IRCC’s ‘arbitrary’ automatic extensions on information requests created ‘unfair playing field,’ say immigration agents

Understand the policy rationale given the volume of requests and limited capacity, but underlines the need in IRCC modernization to reduce the need for ATIP requests on the status of individual files:

Some immigration agents filing numerous access to information requests on behalf of their clients are feeling burned by a recently phased-out Immigration, Refugees, and Citizenship Canada practice that they say was “arbitrary” and akin to institutional targeting, harming their companies’ reputations and the confidence clients placed in them.

Five unnamed people were highlighted in a recent special report by Information Commissioner Caroline Maynard, who were identified by the department to be subject to automatic delays in requests they made through Canada’s access to information laws. The report, tabled in Parliament on May 25, found the IRCC was out of step with access to information rules. While the Office of the Information Commissioner’s (OIC) probe was triggered by an influx of requests to the department between 2017 to 2020, it learned that five individuals—consultants, agents, or lawyers specializing in immigration—were identified as frequent requesters by the department, which then “automatically” decided an extension was needed on their files.

Under the act, federal institutions have to respond to access requests within 30 calendar days or otherwise request an extension of 60 or 90 days as required. Rules dictate the head of an institution should help facilitate complete, timely, and accurate responses to requesters “without regard to the identity of a person making the request.” In place since 2019, the IRCC policy was scrapped in March 2021, shortly after the commissioner ruled it against the act and recommended it be ended.

The Hill Times spoke with several people who participated in Ms. Maynard’s investigation and said they faced challenges in getting information from the department over those years, some of whom said they filed thousands of requests for information from the IRCC.

Ms. Maynard’s office fields complaints from organizations, businesses, reporters, Parliamentarians, and individuals who encounter difficulties in their access to government records under the Access to Information Act. Complaints are typically related to delays or outright refusals from some institutions.

The Hill Times obtained documents that show IRCC identified the five people in a Sept. 19, 2019, email between IRCC and departmental ATIP workers and, the following day, officials suggested that “by looking at the numbers the first three” should be subject to a 90-day extension while the last two should receive a 60-day extension. The names were redacted, but The Hill Times has seen two names mentioned separately in two sets of documents.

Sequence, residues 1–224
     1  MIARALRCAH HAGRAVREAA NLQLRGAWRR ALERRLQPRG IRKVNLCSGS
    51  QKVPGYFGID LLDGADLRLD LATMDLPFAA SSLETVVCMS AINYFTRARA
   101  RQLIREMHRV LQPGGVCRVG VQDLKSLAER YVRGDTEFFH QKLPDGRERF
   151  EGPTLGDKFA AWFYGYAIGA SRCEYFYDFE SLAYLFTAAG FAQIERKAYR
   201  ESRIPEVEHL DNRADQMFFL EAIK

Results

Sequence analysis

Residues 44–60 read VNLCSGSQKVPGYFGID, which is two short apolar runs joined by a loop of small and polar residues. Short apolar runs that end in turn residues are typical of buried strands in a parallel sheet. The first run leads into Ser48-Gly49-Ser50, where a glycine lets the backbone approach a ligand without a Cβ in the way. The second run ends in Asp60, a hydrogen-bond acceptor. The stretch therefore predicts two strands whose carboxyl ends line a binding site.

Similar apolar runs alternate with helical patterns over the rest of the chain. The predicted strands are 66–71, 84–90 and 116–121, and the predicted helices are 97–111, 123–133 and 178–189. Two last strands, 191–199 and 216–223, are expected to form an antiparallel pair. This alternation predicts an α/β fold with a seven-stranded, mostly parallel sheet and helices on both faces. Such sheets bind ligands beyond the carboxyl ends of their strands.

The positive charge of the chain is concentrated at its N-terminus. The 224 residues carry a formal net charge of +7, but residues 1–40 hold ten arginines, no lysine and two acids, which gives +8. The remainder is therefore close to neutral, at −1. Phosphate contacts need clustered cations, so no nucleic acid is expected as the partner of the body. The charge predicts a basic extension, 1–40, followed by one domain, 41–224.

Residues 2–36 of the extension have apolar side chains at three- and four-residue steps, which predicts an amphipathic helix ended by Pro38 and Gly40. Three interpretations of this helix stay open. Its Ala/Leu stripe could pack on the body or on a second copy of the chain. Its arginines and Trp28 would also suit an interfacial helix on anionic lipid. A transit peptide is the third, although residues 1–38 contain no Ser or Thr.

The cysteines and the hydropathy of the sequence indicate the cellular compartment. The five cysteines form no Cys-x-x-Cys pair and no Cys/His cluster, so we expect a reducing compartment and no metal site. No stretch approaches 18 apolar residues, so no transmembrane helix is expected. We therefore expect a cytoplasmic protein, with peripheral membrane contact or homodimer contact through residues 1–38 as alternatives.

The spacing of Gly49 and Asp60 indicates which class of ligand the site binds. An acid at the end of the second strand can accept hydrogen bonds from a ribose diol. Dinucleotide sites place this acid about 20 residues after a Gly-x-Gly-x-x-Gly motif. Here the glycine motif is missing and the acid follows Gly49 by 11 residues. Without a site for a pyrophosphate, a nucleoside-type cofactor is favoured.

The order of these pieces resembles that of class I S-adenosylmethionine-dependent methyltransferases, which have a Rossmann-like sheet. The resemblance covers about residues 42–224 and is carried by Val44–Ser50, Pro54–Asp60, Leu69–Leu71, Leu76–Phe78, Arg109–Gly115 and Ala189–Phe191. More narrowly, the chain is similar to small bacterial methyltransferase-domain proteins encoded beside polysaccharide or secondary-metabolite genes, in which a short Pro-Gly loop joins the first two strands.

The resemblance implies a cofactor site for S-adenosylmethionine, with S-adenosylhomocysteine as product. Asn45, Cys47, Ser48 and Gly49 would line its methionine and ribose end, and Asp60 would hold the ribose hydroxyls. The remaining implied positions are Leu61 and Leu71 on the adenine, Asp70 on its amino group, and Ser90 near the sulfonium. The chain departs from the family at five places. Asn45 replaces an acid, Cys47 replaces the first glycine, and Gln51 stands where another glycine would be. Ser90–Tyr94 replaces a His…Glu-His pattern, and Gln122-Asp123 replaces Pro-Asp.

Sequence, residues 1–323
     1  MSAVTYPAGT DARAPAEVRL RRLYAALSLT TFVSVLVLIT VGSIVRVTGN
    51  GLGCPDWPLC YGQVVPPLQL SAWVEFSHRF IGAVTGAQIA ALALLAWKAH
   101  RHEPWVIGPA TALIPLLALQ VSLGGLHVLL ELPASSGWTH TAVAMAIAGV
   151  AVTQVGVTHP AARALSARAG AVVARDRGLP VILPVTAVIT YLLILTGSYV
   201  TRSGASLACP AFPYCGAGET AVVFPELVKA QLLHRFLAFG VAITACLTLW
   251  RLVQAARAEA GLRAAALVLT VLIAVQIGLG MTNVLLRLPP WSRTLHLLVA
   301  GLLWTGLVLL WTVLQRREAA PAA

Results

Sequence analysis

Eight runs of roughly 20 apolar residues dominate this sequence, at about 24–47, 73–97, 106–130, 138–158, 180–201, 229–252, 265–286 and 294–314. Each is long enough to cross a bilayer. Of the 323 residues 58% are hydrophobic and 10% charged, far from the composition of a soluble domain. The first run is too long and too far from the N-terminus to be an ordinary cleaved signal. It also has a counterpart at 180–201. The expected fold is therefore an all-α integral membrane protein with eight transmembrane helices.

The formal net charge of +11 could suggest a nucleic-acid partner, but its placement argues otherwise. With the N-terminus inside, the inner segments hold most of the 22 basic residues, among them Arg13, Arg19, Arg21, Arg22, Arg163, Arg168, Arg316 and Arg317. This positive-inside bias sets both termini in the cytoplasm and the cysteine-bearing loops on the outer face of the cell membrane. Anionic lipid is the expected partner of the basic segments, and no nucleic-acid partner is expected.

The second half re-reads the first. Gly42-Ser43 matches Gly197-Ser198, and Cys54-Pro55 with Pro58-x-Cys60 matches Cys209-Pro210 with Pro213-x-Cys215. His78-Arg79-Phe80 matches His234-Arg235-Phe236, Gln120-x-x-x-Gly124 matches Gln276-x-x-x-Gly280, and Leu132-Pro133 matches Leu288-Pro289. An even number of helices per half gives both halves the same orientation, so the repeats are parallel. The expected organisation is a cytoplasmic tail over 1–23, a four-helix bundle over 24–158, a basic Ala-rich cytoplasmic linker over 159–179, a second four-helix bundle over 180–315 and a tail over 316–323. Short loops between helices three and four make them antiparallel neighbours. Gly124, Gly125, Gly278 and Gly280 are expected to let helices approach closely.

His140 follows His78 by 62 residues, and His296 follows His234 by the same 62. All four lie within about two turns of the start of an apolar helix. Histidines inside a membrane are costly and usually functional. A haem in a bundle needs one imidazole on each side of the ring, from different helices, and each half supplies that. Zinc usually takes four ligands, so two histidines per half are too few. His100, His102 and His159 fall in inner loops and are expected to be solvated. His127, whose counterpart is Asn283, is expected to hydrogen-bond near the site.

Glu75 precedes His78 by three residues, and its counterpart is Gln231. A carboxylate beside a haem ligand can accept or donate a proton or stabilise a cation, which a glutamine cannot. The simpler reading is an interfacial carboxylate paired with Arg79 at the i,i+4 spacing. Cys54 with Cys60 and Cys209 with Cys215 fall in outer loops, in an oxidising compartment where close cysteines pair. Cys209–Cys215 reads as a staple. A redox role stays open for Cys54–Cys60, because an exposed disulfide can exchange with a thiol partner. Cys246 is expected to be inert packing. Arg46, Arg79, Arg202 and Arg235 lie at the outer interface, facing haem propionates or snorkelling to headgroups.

Manmeet Rai, founder of, a website that helps clients request their immigration case files from the department, was listed in one of these emails as among the five. His requests appeared to be flagged to automatically have a 90-day extension added to them, effective Sept. 23, 2019, according to an internal email.

Mr. Rai said he received a “blanket” extension on all requests filed under his name since September 2019, and that development led him to be “concerned about what is going on inside the government.” He learned his name appeared on that IRCC list when he filed an access-to-information request on his own name.

Mr. Rai declined to delve into specific business information, like how many requests he filed each year, but said he submitted more than 7,000 requests in 2019 alone.

He said IRCC’s policy, also revealed in Ms. Maynard’s investigation, was “arbitrary.” Its application, he said, was “a targeted exercise toward a specific group of people who were filing requests to help immigrant applicants who were not otherwise entitled to obtain their information” under the act. His requests were “clumped together” when they should have been treated as independent files.

“Everyone wants the information as soon as possible, because if the information is available to them, they can take some corrective action if their application is in progress,” said Mr. Rai. “But if they are to wait for 120 days from the date they filed the request, that is just absolutely dreadful for anyone.” (As of publication, the department had not yet responded to requests for comment from The Hill Times.)

While Immigration Minister Marco Mendicino (Eglinton-Lawrence, Ont.) accepted and agreed with Ms. Maynard’s findings, he noted in his response to the report, that “bulk requesters take a significant amount of IRCC resources due to their sheer volume.” In 2019-20, an average of 6,157 pages of records per business day had to be pulled for the top five requesters, the minister said, amounting to more than 30,000 pages per week.

“These top five requestors alone made over 10,000 requests last year. Paired with the extraordinary growth in requests … it became apparent that IRCC needed to take steps to support broader access rights in an equitable manner.” He said “nevertheless,” the department would no longer be relying on its policy.

Mr. Rai, who took part in the OIC’s investigation, commended the office for being “co-operative and upfront.” That the policy no longer exists is a testament to it living up to its task as a watchdog, he said, but he still feels the policy damaged his business. Mr. Rai noted over the last several years, there have been a swath of websites offering similar services that have popped up, but which promised deadlines he could not meet given the automatic extension applied to his information requests.